Cancer cell lines, drugs, and antibodies. All NSCLC cell lines were purchased from ATCC and were grown in medium with 10% FBS and 1× antibiotics (Gibco; Invitrogen). MP08 and MP41 cells were cultured in a conditioned medium as described by Liu et al. (64). Erlotinib (EGFR inhibitor) was purchased from LC Laboratories, PF299804 (second generation EGFR-TKI, dacomitinib) was obtained from Pfizer, and AZD0530 (SRC inhibitor) was purchased from Selleck. All antibodies except antibodies to CRIPTO1 (Epitomics and Rockland), ZEB1 (Santa Cruz Biotechnology Inc.), and β-actin (Sigma-Aldrich) were purchased from Cell Signaling for Western blot analysis. For Western blot and IHC, all antibodies were diluted according to the manufacturers’ instructions.

Xenografts. Five million CRIPTO1 stably transfected cells (HCC827/CRIPTO1 and H4006/CRIPTO1) were subcutaneously injected into the flanks of athymic nude mice (National Cancer Institute [NCI] at Frederick Animal Production Program). When tumor volumes reached about 50–70 mm3, 5 mice per group were given daily oral doses of erlotinib at 12.5, 25, and 50 mg/kg every 2 days for 16 days. Both P values and percentage of tumor growth inhibition ratio (T/C) values were calculated at the end of the experiment. Tumor volume (V) was measured 3 times a week using the following formula: V = 1/2 (L × W2), where L equals length, and W equals width. The percentage of T/C value was calculated with the following formula: %T/C = (Δtreated tumor volume/Δcontrol tumor volume) × 100, where Δtreated tumor volume represents the mean tumor volume on the evaluation day minus the mean tumor volume at the start of the experiment. In the case of combination treatment experiments, mice were divided into 4 groups when tumors reached approximately 50 to 70 mm3 and treated with (a) saline (vehicle) daily for 16 days; (b) AZD0530 at 25 mg/kg daily for 16 days; (c) erlotinib at 25 mg/kg every 2 days for 16 days; and (d) AZD0530 at 25 mg/kg daily and erlotinib at 25 mg/kg every 2 days for 16 days. The doses and schedules used for combination studies were the same as for single agents.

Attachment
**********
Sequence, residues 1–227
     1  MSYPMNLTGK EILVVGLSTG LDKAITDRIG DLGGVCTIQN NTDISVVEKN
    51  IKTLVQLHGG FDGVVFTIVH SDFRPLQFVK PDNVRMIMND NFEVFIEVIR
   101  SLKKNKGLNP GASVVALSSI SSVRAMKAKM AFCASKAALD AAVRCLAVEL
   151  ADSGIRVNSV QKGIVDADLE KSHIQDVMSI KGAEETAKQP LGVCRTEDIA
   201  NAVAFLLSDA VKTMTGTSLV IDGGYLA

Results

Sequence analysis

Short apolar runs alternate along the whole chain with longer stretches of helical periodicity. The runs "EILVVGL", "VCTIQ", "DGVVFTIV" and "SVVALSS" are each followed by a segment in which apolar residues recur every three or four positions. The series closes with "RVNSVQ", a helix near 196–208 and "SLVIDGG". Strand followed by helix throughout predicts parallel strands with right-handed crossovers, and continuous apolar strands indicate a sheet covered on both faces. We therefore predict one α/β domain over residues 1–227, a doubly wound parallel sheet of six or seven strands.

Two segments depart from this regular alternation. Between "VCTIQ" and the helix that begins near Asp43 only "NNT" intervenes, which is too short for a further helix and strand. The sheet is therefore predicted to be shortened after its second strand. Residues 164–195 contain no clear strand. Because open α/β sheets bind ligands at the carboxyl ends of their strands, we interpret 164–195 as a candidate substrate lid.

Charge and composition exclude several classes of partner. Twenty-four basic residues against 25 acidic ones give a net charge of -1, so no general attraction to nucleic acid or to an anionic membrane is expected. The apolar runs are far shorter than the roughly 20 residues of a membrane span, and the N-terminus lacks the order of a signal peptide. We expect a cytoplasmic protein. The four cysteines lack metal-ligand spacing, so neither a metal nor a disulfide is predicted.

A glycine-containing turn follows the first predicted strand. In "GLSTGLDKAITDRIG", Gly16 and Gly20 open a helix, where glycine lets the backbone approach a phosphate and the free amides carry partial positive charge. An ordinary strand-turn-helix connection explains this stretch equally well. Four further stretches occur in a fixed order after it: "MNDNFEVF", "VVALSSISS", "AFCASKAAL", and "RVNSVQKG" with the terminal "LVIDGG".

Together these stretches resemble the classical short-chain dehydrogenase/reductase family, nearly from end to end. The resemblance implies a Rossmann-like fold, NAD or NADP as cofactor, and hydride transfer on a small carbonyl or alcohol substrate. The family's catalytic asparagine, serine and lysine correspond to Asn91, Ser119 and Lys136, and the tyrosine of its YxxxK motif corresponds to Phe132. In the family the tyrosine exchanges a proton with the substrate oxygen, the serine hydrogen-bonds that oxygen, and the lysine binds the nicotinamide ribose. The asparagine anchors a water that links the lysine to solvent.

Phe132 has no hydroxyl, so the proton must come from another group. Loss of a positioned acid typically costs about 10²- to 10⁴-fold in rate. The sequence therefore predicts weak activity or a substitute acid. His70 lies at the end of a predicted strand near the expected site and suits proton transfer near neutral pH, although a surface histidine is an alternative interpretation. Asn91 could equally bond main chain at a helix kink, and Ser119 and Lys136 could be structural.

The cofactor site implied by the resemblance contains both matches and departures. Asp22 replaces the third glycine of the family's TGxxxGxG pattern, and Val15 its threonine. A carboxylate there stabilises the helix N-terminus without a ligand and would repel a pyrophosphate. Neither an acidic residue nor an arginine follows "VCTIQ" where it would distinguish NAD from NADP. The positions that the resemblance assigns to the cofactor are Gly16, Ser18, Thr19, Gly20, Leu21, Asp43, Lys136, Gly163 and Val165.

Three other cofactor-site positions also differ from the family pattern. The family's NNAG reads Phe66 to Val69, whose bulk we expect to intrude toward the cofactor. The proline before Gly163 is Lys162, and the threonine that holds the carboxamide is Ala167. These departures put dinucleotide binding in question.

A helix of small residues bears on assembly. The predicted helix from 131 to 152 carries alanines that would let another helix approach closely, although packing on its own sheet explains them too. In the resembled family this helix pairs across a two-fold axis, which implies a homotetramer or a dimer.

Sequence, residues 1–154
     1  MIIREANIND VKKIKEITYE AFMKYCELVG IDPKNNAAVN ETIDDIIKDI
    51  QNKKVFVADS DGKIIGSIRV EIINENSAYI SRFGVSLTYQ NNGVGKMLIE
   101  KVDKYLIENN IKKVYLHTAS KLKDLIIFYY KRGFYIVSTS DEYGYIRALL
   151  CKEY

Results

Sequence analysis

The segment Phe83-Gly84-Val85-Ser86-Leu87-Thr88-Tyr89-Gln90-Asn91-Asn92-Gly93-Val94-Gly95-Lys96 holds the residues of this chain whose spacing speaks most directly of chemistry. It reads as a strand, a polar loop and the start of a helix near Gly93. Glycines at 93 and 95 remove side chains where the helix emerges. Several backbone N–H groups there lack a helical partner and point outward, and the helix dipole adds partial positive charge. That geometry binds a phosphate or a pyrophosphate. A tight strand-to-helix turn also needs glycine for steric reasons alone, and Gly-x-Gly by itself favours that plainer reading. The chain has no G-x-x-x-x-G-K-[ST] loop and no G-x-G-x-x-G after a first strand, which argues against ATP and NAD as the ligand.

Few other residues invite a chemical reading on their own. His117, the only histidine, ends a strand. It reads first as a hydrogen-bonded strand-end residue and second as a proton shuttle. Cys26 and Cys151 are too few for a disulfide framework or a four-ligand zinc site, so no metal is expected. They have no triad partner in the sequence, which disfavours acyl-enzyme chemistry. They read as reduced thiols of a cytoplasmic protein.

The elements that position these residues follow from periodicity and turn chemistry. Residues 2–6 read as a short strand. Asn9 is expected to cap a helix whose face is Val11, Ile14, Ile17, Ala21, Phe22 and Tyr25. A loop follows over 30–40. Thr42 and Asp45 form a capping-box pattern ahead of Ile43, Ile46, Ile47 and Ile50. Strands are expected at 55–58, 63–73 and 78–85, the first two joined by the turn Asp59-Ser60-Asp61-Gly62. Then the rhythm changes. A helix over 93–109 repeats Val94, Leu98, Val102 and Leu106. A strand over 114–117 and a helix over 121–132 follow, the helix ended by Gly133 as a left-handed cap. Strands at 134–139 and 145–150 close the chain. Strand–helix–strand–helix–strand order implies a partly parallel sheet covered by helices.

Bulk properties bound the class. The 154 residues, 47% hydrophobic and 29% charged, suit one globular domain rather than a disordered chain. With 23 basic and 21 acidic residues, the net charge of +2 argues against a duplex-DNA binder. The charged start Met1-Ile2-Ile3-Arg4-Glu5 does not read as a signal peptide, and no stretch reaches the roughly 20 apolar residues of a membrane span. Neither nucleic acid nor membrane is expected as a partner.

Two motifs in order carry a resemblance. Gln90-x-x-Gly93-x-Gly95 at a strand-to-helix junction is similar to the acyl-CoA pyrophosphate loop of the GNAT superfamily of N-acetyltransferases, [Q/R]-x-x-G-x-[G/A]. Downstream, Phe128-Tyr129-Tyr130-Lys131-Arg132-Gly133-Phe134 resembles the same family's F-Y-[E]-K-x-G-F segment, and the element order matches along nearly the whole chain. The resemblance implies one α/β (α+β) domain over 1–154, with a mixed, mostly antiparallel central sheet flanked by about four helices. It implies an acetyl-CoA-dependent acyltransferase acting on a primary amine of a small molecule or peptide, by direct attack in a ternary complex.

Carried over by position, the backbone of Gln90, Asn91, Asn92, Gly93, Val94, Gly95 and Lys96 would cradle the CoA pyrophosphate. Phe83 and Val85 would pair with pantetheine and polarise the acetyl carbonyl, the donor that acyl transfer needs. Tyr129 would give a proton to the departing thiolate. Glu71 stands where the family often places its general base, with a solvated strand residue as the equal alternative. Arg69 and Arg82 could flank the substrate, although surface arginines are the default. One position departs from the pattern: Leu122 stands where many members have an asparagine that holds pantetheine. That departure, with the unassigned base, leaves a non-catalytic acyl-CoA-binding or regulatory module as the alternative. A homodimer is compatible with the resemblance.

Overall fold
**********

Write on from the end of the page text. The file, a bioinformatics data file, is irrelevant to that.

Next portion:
Combination index analysis. Combination effects were evaluated by MTS assay in cells treated with 100 nM erlotinib plus increasing concentrations of AZD0530 (10, 50, 100, 500, 1000 nM). The fraction affected (Fa) and combination indexes (CI) were processed using CalcuSyn software (Biosoft). CI of less than 1.0, 1.0, or more than 1.0 were taken to indicate synergistic, additive, and antagonistic effects, respectively.